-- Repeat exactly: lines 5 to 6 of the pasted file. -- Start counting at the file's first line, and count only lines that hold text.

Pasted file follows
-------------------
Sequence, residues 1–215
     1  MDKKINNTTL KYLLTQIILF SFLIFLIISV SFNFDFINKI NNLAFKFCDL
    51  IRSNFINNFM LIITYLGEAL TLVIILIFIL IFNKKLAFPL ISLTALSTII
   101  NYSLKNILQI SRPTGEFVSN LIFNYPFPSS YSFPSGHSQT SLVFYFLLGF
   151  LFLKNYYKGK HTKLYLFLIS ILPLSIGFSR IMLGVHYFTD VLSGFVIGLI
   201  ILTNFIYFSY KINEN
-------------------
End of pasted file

   151  LFLKNYYKGK HTKLYLFLIS ILPLSIGFSR IMLGVHYFTD VLSGFVIGLI
   201  ILTNFIYFSY KINEN